“Oh my God, I remember going back to my friend’s house, because I stayed overnight with him, and I was so miserable,” he says.

Back in Mexico, worried he’d blown it, Jesús was relieved when he got a phone call from Irja that Thanksgiving.

“I didn’t think that encounter was quite so negative,” says Irja. “I was just surprised.”

Since returning to New York, Irja had started taking Spanish lessons and reading piles of books on Mexico’s history and culture.

“I had certainly fallen in love with Mexico after being in Oaxaca — definitely Mexico, wasn’t so sure about [him],” says Irja.

She decided to plan another trip for January 1992, this time staying for 10 days.

“That time around, I actually did build Mexico City into it intentionally,” she adds.

Over the course of Irja’s January 1992 trip, Irja and Jesús finally had the opportunity to build on the connection that had first sparked at Mexico City Airport.

While Irja spent some of vacation touring alone, the two also enjoyed exploring together. Jesús prepared authentic Mexican tamales for Irja, and showed her his favorite spots in the city.

And they traveled together to Taxco, a city known for its architecture and rugged mountainous surrounds.

“It’s very popular with tourists, an old silver mining town,” says Irja. “And it’s very romantic. Like, you know, if you are supposed to fall in love, that’s probably the place.”

“The trip was, I think, a big success,” says Jesús, recalling driving through the mountains with Irja and admiring Taxco’s beauty.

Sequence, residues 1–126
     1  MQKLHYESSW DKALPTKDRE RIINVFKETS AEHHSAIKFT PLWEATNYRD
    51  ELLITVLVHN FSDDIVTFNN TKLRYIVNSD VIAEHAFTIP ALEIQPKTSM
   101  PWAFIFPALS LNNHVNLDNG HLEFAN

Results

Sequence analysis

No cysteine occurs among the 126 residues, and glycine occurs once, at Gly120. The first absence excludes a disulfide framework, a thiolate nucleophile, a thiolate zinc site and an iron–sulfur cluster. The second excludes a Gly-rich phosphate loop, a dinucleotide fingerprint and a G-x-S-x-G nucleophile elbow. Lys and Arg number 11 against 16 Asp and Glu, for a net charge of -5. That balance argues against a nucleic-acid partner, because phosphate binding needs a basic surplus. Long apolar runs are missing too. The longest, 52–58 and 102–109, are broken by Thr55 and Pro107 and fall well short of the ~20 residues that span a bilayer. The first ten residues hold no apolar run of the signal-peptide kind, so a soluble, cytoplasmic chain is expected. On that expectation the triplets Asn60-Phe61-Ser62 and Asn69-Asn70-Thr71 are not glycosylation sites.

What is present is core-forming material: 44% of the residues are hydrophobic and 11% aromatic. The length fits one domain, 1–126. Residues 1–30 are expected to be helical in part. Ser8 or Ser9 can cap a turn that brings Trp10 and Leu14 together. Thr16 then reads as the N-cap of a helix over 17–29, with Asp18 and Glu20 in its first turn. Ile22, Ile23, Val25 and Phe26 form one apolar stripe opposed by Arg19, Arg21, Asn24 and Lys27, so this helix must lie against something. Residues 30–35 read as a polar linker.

“I guess that’s what you would call like a turning point,” says Irja.

“After that, things were a little more solid,” agrees Jesús.

The couple returned to their respective homes determined to make a long-distance relationship work.

Long distance romance

In March, Irja traveled to Mexico, meeting up with Jesús for a long weekend that coincided with her birthday.

“That was the first time I went to the house of Frida Kahlo, and it happened to be under renovation,” she recalls.

When they arrived at the Blue House, the couple were told the museum was closed.

Jesús stepped in. “She’s come a long way,” he said. “And she’s a fan, can you please let her in?”

“They did, so I got my little private tour,” says Irja.

A few months later, in May 1992, Jesús came to New York. “Of course, she was waiting for me at the airport,” he recalls with a smile.

In between the trips, the couple saved up for long-distance phone calls and flights. This back-and-forth defined their relationship for the next few years, but Jesús spent increasingly long stints in New York.

Of course Irja had met some of Jesús’s family in Mexico during their very first encounter, but the couple didn’t travel to Finland to meet Irja’s family until 1994.

The year before, Irja endured some health issues, and her parents, who already liked the sound of Jesús, were irrevocably won round when they found out how he’d been there for her during this tough time.

“He was the one who was at my side and supported me through that experience,” says Irja.

Their friends were also happy for them, particularly Marcus, the friend who’d brought them together.

In December 1995, Irja and Jesús were married in a civil ceremony, followed by a small religious ceremony the year after.

They’d bought rings together on a return trip to Taxco earlier that year. At the time, they hadn’t had a wedding date fixed, but it seemed like the perfect opportunity.

“Taxco is a famous silver mining town where they sell all kinds of silver items including jewelery with local stones,” says Irja. “The thought was something like ‘we are here in this perfect place, so we might as well buy rings in case we should need them any time in the future.'”